The outcrop juts into the Indian Ocean, solid against the shifting surface of the sea. Waves surge in, white froth leaping as the rolling edge meets rock. The water’s fringe sings as it goes, a playful high trill above the deep booming bulk of the wave. I come here to watch the waves as they change from day to day and season to season. From one year to another. I witness endless variation in their song, shape, and movement.
Earth is the only planet in our solar system that has liquid water on its surface. Our ocean is unique, and every wave that breaks on every shore has a character all of its own. This particular rock, on a beach in the far south-west of Australia, draws me back again and again. It’s one of the granites in the Leeuwin Complex, formed and remoulded by the collision of continents a billion years ago. Now it’s weathered by the onslaught of the sea.
Some days I take a camera and film the waves coming in: videos that follow the leading edge as it rolls along the rock. Still shots that capture an ephemeral beauty, the split-second expression on the face of a wave. Or I sit down on the warm crystalline surface and let the wavelets break over my toes. Watch the water running along the veins of feldspar, quartz and hornblende lining the surface of the rock. I slide down and slip silently into the ocean, splash-less like a seal. The water is bright and effervescent. It tastes of seaweed and unseen fishy things.
The sea holds echoes of the primordial soup, a combination of geologic elements that went into the first oceans and gave birth to the earliest life-forms. The idea that life may have originated from chemical compounds in ‘a warm little pond’ was first raised by Charles Darwin in 1871. Scientists now believe that sea soup wasn’t enough to generate life by itself. The sparking of life required an extraordinary source of energy such as volcanic springs on land, or deep-sea hydrothermal vents. Energy created by the Earth’s iron core spinning like a dynamo in its dance with the Sun.
Water is motion. A wave rolls in and I dig my fingertips into the gritty coarseness of the rock, closing my eyes while the water flashes and fizzes over my head. I let go and allow the wave to drag me along the surface of the rock and out again, as it meets the backwash of the wave before. I surrender to the action of the water, to the complex ebb and flow as wave energy meets the solidity of stone.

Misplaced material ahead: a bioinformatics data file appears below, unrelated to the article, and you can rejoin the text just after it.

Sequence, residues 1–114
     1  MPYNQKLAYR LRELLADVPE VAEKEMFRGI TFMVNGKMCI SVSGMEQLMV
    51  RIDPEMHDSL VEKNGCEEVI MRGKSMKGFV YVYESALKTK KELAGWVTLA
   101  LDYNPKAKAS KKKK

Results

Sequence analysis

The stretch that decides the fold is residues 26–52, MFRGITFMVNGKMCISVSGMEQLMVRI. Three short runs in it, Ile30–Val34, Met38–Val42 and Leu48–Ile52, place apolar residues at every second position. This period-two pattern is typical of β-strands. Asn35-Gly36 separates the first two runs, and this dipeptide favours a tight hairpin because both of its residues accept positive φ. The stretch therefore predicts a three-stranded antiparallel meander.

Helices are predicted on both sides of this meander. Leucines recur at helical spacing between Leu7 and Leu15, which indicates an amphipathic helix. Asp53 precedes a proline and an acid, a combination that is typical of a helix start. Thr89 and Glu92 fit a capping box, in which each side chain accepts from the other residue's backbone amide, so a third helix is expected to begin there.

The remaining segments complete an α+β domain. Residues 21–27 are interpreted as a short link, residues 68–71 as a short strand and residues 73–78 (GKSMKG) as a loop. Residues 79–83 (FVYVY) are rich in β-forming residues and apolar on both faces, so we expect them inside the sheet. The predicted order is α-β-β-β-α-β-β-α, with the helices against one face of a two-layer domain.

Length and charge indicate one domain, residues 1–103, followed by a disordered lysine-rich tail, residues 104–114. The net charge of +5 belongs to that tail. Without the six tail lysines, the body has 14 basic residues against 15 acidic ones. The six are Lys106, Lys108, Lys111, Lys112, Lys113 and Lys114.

Psychologist Carl Jung described the ocean as a metaphor for the unconscious. Creative inspiration and dream life is generated from the depths, a place where we have no access and no control. Ideas, themes, characters, connections: sometimes they surprise me with a life of their own, generated somewhere below the surface, where I cannot see them coming. Where does it spring from, this vast ocean of inspiration?
Water itself is thought to be from space. Much of it comes from asteroids which collided with our embryonic planet at the genesis of the solar system. Now, astrophysicists from the University of Arizona have discovered another origin for water. Samples taken from the Earth’s inner core have a lower ratio of deuterium, or heavy hydrogen, to normal hydrogen. A ratio to match the hydrogen found in the solar nebula, the cloud of dust and gas way back at the beginning of everything. Only one in a hundred molecules in the ocean possesses this ratio, but it mirrors that found in the Earth’s inner seas, formed when the Earth had just begun to pull itself together from the nebula of dust and gas. Alchemical mysteries of the universe transformed into water.
Drifting amongst the waves I feel I am immersed in the sea of time and space. The water is everywhere, and everywhen. Within are unfathomable depths, unseen creatures, and dreams. I emerge, crawl out onto the warm granite and bask there. Life springs again from the sea.
The discovery of a source for water in the solar nebula has implications for life in the rest of the universe. Life needs water. A scenario where asteroids supply water to a forming planet may have been a rare event, and scientists are unsure if this happened elsewhere. Finding evidence of the generation of water from solar nebulae gives hope that the right conditions have formed on other planets, in other solar systems, and other galaxies.
I sit and dry on the rock, with its cloak of green algae dotted with tiny triangular shells. Light-line traceries from the sun cast flickering networks of gold on the sea floor. I watch, and wonder what might surface from the depths.
Copyright Jinni Wilson 2021